Slideshow: At Youth Climate Strike in Boise, Students Call for Action 

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Harrison Berry

For Kaitlyn, a ninth grader at North Junior High School, the stakes could not be higher.

"I want to have kids and not have them grow up in the apocalypse," she said.

Kaitlyn was standing on the Idaho Statehouse steps minutes before the beginning of the Youth Climate Strike on March 15, and behind her was a building full of lawmakers, many of whom believe climate change is either a hoax, not driven by human behavior, or an inevitability. But before her were approximately 200 students who had left class to call for the rapid rollout of policies to combat global warming.

The strike was one of hundreds around the country—and the world—that took place on Friday. They're part of a global movement of youth who are concerned about the habitability of the planet and frustrated with lawmakers' failure or unwillingness to take action.

click to enlarge - Students from across the Treasure Valley participated in the strike on Friday. -  - HARRISON BERRY
  • Harrison Berry
  • Students from across the Treasure Valley participated in the strike on Friday.
"It's old, white men who are [expletive] things up," said Lukas, a ninth grader at North Junior High School. "Once we get into power, things are going to change, but until then, it's an uphill slope. ... We are the last line of defense."

Lydia, a sophomore at Boise High School, took a similar tone.

"I think it's just ignorance," she said about climate change-denying lawmakers, speculating about their motives for not subscribing to the scientific consensus behind human-driven climate change. "The only reason we're polluting our planet is, people are making money off that."

"There's no political argument for denying a future for everyone," said Shavonne, a Hillside Junior High School ninth grader.

The clock is ticking, other students said: Scientists largely agree that people could begin feeling the most severe effects of climate change in just over a decade, and many developed nations have signed on to agreements to limit fossil fuel emissions and transition to renewable energy sources like solar and wind. In the United States, some in Congress have gotten behind the Green New Deal, which would massively subsidize a renewable energy industry, reduce waste and limit the country's impact on the global climate.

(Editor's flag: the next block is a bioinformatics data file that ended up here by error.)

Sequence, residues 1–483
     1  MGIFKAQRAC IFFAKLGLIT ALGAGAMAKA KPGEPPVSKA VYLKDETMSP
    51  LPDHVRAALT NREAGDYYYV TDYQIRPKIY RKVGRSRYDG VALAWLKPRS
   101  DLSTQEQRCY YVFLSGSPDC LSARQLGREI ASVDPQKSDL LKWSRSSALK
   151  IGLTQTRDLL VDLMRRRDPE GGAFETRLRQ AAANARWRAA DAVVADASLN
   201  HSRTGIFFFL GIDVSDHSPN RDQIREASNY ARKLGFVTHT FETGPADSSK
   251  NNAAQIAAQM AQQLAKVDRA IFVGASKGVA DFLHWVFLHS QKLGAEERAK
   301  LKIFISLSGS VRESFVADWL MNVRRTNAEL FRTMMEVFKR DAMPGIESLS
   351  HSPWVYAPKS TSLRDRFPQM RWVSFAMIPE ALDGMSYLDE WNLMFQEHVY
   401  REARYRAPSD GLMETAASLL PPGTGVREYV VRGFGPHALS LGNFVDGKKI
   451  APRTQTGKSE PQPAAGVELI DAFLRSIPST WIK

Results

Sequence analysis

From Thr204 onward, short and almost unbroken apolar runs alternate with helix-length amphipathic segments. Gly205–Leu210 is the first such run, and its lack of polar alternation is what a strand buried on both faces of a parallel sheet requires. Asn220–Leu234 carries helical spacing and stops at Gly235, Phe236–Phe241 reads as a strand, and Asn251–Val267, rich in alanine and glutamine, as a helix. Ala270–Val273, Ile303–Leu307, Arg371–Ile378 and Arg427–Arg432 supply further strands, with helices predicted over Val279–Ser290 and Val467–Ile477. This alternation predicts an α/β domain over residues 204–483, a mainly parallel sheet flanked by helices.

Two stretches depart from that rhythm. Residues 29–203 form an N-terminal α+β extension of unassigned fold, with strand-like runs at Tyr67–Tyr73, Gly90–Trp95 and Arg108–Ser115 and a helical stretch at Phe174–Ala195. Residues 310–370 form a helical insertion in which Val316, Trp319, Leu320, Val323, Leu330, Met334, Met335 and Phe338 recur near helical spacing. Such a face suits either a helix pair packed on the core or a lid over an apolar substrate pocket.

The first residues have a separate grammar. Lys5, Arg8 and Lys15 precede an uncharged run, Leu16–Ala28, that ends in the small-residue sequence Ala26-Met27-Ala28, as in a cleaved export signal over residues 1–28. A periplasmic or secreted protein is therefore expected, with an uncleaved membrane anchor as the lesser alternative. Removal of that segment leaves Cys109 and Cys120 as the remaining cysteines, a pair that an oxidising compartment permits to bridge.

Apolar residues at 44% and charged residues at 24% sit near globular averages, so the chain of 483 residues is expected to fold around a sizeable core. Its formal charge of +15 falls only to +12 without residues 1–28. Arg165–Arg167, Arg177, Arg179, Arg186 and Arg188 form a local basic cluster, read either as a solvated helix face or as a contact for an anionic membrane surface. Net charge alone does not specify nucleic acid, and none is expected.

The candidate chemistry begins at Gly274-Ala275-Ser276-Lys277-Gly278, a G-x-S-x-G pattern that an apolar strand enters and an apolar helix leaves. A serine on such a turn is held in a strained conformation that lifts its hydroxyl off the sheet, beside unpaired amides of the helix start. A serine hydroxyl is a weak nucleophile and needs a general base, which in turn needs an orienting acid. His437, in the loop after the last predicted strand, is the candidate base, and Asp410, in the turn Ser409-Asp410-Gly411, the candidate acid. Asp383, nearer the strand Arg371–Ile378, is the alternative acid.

High school and junior high school students, however, are too young to vote. Attendees at the strike said they will eventually come of age, but while they're young, their most powerful tools are their voices and willingness to get in front of lawmakers.

"The only way to create change is through direct action," said J.D., a junior at Boise High School. "You have to go out and do stuff yourself."

click to enlarge - Liam Neupert, 16, helped organize the Youth Climate Strike in Boise. -  - HARRISON BERRY
  • Harrison Berry
  • Liam Neupert, 16, helped organize the Youth Climate Strike in Boise.
Speaking from the podium, strike organizer and One Stone junior Liam Neupert, 16, described the severity of the issue as "being in a state of crisis," and outlined positions both personal and political for addressing it. Those included mundane changes like supporting local businesses, rejecting plastic straws and utensils, and being aware of opportunities to reduce, reuse and recycle. They also included broader political actions, like continuing to protest in order to get the attention of lawmakers, limiting corporate carbon pollution and pivoting to renewables as a source of clean energy.

Neupert also addressed what he said was the inevitable criticism that they as students are inexperienced, ignorant or otherwise too young to be political actors, and that pressing for such profound changes to policy is "radical."

"Sometimes you have to be radical and loud to have your voice heard," he said.
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